Salvage Contracts: Time to Get Wrecked
Nothing quite captures the sailor's imagination like ships crashing, whether it be into each other, against islands, against the shore, on offshore platforms, etc. Likewise, shipwrecks, anchors and chains falling off, engines failing and rudders breaking are the cause of many nightmares - which is why, for us at least, salvage has a really special place in our hearts.
We think this quote nails it:
Salvage, it is true, is not a question of compensation pro opera et labore ... it offers a premium by way of honorary reward, for a prompt and ready assistance to human sufferings for a bold and fearless intrepidity and for that affecting chivalry, which forgets itself in anxiety to save property, as well as life ... a mixed question of public policy and private right. - Judge Story J in The Henry Ewbank (1883) 11 Fed Cas (Case No. 6376) 1166 at p. 1170.
Of course, when all else fails, sometimes all we can do is remove the wreck.
And on what legal basis is wreck removal conducted - contractual or statutory? A vessel, or a piece of property, which is at the bottom of the ocean can be claimed as traditional (in Germany: statutory, as in § 577 HGB) salvage. And in general, valuables will be claimed in this manner since doing so offers an economic reward.
But what about when the salvage is especially perilous, uneconomical, the items are of little value but very environmentally hazardous, or if the recovery is mandated by the authorities? In this case, the incentive to salvage on private initiative is not there. Judge Story J's remark about salvage being a mix of public policy and private right is very smart. In these scenarios, a separate, contractual basis for the salvage is needed.
BIMCO offers three great standard wreck removal forms which address various aspects of contract salvage. (Note: Lloyd's Open Form will not be discussed in this article.) Whether via a daily hire, a fixed price or staged lump sum payments, the nature of salvage has changed and along with it, the legal frameworks within which the work can be conducted.
BIMCO's contracts have in common that they contain descriptions of the "Vessel" to be salvaged. But the definition of "Vessel" is noteworthy. While in plain English the word "vessel" means a ship of some kind, in BIMCO's contractual, legally defined language, it means any kind of conceivable property, even bunkers! Thus these agreements can apply to a very wide range of situations and can be flexibly adjusted for any particular variety of desired salvage operation.
The "nature of services" (e.g. Box 7 in WRECKHIRE) is definable in all of the mentioned BIMCO contracts. This is useful when the scope of the wreck removal is particularly complicated and does not simply involve the straightforward salvage of a wreck. The nature of the services can also be defined as deconstruction, transport, environmental cleanup, retrieving a discrete part of a wrecked vessel (e.g. an expensive propeller) or even taking apart an offshore installation and dismantling its foundation which is attached to the ocean floor.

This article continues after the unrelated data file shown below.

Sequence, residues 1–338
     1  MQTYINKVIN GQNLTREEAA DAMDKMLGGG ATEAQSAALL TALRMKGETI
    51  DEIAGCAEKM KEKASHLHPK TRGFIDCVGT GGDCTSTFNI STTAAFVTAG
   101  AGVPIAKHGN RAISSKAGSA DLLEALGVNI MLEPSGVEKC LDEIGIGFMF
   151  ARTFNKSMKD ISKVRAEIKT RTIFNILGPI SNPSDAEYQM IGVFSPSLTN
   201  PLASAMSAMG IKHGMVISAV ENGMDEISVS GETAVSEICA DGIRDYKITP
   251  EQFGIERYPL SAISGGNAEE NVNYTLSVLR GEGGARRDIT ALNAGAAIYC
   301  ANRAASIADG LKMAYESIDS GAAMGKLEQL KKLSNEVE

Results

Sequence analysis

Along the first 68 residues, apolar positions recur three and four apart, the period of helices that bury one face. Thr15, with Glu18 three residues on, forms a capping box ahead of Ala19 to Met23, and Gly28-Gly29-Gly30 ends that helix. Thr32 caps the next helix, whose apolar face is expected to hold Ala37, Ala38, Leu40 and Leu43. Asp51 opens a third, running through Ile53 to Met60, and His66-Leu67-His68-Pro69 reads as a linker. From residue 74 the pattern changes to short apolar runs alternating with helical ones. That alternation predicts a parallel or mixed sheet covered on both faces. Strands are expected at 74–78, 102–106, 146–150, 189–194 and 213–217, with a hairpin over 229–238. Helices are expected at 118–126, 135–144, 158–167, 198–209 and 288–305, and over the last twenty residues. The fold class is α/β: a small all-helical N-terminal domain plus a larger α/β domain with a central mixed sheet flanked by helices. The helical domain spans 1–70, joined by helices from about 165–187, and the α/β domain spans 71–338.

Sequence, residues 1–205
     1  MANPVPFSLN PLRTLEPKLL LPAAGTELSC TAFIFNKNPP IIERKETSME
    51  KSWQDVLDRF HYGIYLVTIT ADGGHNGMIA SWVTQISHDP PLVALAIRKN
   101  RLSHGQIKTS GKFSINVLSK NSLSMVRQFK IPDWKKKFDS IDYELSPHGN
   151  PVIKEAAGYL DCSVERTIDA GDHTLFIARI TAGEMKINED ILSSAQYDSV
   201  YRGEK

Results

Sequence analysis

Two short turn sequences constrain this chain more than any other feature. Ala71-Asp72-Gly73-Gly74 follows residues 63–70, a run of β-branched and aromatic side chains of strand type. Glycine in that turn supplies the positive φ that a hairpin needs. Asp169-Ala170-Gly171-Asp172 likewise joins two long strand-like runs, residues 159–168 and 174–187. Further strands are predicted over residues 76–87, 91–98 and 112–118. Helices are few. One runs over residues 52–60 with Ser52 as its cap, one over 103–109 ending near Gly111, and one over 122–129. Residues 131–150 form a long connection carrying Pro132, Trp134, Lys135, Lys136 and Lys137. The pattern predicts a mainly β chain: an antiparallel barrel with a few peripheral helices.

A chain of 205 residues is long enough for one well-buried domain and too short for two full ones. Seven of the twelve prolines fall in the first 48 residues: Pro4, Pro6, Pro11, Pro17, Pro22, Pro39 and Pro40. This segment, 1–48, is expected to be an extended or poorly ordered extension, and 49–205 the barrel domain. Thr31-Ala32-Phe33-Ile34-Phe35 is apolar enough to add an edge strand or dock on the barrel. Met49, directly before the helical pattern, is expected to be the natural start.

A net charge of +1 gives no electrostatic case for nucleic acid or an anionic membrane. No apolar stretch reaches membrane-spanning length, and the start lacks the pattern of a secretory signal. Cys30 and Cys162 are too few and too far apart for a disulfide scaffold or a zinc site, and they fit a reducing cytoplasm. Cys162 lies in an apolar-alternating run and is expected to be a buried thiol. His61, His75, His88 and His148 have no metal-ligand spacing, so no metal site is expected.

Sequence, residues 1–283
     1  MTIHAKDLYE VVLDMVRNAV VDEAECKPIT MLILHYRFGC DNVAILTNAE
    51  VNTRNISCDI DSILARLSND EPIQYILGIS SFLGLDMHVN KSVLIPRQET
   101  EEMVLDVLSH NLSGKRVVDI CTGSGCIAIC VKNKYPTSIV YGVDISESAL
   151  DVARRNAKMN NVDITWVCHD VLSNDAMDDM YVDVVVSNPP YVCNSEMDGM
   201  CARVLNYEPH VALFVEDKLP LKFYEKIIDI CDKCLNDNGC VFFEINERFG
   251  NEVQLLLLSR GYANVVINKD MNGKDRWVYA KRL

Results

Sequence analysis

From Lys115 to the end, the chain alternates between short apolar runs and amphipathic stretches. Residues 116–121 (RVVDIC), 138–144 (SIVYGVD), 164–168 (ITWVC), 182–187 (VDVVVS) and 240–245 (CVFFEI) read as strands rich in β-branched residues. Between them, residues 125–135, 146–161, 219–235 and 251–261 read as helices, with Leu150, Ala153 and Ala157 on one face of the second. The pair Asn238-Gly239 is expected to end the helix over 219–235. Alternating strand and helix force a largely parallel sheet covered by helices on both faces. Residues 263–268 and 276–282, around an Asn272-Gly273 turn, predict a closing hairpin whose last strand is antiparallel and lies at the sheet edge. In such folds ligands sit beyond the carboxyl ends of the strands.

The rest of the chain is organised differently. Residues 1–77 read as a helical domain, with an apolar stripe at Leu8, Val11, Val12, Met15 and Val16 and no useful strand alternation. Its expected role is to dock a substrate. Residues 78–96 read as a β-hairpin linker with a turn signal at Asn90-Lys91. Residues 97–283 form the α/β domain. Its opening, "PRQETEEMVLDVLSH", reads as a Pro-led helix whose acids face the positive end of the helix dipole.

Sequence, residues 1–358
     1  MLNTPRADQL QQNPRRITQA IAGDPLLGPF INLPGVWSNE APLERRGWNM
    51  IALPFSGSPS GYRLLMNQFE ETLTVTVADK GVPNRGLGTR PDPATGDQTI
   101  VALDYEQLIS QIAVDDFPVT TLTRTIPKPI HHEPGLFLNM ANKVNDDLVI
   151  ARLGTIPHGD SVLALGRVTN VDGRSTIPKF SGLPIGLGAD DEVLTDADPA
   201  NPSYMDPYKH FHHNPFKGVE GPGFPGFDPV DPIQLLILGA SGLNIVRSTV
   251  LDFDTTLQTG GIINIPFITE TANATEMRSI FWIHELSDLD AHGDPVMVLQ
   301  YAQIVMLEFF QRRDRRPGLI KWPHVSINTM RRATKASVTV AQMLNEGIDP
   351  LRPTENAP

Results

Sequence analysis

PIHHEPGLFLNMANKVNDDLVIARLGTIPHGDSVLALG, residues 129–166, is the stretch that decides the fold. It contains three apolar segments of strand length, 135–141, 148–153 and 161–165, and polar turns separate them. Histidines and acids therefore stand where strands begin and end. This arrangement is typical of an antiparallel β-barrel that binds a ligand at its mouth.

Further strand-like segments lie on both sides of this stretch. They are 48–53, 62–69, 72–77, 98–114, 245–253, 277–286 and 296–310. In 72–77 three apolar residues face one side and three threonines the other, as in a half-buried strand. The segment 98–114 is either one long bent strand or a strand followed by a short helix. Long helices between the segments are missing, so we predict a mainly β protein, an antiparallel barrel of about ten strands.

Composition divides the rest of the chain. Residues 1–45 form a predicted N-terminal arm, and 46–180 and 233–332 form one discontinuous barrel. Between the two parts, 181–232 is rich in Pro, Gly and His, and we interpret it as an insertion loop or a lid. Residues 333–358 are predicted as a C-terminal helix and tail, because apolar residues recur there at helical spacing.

A section under "nature of services" also permits the parties to agree on compliance with official requirements, a facet which will be particularly salient whenever environmental considerations play a role at the worksite. Also important is WRECKSTAGE's Box 12, namely extra costs: with the complex nature of today's salvage, sometimes specialized equipment needs to be manufactured from scratch in order to make the performance possible. The costs can be divvied up between the two parties so that both feel they are getting a fair shake. The other charterparties have similar boxes, e.g. the corresponding box in WRECKHIRE for extra costs is Box 14.
With all the diversity of today's market, BIMCO's contracts need to offer a lot of flexibility. The rising technical requirements have been touched upon, but are becoming especially intimidating with the ever-growing size of the world's biggest projects. WRECKSTAGE is the agreement which will typically be used for complex jobs. It allows for payment upon reaching certain milestones, as in Box 9. Given that salvage jobs can take a great deal of time, this is vital to ensure a flow of liquidity to the salvor. Otherwise the salvor would be asked to undertake expensive and time consuming performance whilst taking no more than the payment on signing.
The world's biggest ships (e.g. see our report on the massive CSCL Globe, 19,000 TEU) dwarf most tugs. If there ever were a truly grievous marine casualty in this size class, there is a prospect that the vessel would become a total loss, given that intervention is difficult due to the sheer scope of the required assistance. While most tugs are able to help the last generation of vessel, the newest generation can cause truly eye-watering damages. Also, given that such ships are relatively uncommon, salvors may not see the merit in investing in the next generation of equipment necessary to deal with such casualties. Thus, they could end up as police matters.
For the record, we surely hope that there will never be a sufficient number of casualties in this size segment of vessel that keeping such equipment on hand makes business sense!
The opinions expressed herein are the author's and not necessarily those of The Maritime Executive.